Naturalism is an idea that usefully complements materialism. From a skeptical point of view, it might only be a euphemism for materialism, but in actuality it is rather less restrictive. It is reported that one can be a naturalistic theist. This is possible because naturalism orients itself toward local problems, eschewing metaphysics of any kind when it comes to problem solving. At most, naturalists adhere to a non-reductive neutral monism. In dealing with those pragmatic problems it upholds the scientific method as an ideal. There might well be a God beyond the natural order, and religious practice could be beneficial within the natural order, but never the twain shall meet except in the imagination of the believer.
Obviously, naturalism stands as a more worthy opponent of immaterialism than does materialism, which too easily becomes a mere straw person.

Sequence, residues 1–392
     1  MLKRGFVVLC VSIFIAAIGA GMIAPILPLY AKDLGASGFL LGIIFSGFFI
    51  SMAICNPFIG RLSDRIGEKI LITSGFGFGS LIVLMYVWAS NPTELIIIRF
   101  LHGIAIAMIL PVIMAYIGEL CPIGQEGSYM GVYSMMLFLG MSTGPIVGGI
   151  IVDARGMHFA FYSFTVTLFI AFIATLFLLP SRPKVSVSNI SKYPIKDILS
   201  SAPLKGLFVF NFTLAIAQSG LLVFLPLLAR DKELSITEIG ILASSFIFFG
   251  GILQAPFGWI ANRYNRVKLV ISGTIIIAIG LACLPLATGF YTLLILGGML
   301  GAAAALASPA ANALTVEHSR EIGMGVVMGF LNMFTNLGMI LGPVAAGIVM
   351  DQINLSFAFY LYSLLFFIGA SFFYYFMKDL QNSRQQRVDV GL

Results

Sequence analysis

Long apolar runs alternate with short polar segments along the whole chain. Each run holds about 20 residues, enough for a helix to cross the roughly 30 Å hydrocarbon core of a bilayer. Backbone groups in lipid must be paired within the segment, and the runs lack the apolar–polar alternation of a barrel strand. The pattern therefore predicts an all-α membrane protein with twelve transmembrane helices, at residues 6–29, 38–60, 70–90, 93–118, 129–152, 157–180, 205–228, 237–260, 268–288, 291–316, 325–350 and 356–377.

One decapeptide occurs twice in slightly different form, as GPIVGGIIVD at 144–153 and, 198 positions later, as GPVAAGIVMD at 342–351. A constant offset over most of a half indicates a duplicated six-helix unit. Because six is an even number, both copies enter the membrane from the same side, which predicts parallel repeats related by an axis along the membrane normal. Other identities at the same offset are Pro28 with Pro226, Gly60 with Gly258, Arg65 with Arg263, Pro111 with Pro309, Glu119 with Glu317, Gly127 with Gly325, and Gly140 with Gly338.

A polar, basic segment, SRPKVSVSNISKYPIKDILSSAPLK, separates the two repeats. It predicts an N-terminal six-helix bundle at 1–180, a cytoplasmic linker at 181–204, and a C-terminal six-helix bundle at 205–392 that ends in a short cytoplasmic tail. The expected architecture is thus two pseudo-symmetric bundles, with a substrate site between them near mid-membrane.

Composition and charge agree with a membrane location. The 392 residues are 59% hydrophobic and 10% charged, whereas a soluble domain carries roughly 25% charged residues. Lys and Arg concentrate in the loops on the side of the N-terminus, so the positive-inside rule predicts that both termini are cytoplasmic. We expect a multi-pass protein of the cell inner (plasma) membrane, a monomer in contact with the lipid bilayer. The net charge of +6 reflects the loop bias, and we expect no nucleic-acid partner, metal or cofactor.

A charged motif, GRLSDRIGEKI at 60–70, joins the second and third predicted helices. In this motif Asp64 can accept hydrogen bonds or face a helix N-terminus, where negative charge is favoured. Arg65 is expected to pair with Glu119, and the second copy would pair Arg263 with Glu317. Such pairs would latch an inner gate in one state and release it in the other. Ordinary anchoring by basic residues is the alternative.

We can then follow Jerrold Katz in his exposition of the Naturalistic Fallacy that appears in his Metaphysics of Meaning. In doing so I must take issue with David Chalmers’ ‘hard problem’ approach to the mind. His divisive strategy begs the Cartesian solution, although he claims to be a naturalist.
Katz is a non-naturalist of the Platonic persuasion. He confronts the behaviorist and functionalist understanding of language, an issue which Chalmers et al wish to concede in favor of their ‘hard problem’ (and sexier problem) of consciousness. Katz concedes nothing.
Katz uses mathematics as his starting point. He defends the position that in mathematics Platonism has never been seriously challenged. The only disagreement comes from anti-platonic philosophers, not from mathematicians. Given this fact, it is rather easy to extend Platonism to the realm of language in light of the notorious problems that continue to haunt the behaviorists and functionalists in that domain.
This is not to suggest that research into computational
linguistics is not useful, because it will continue to be so, but that
we do not need to sell our souls in the process.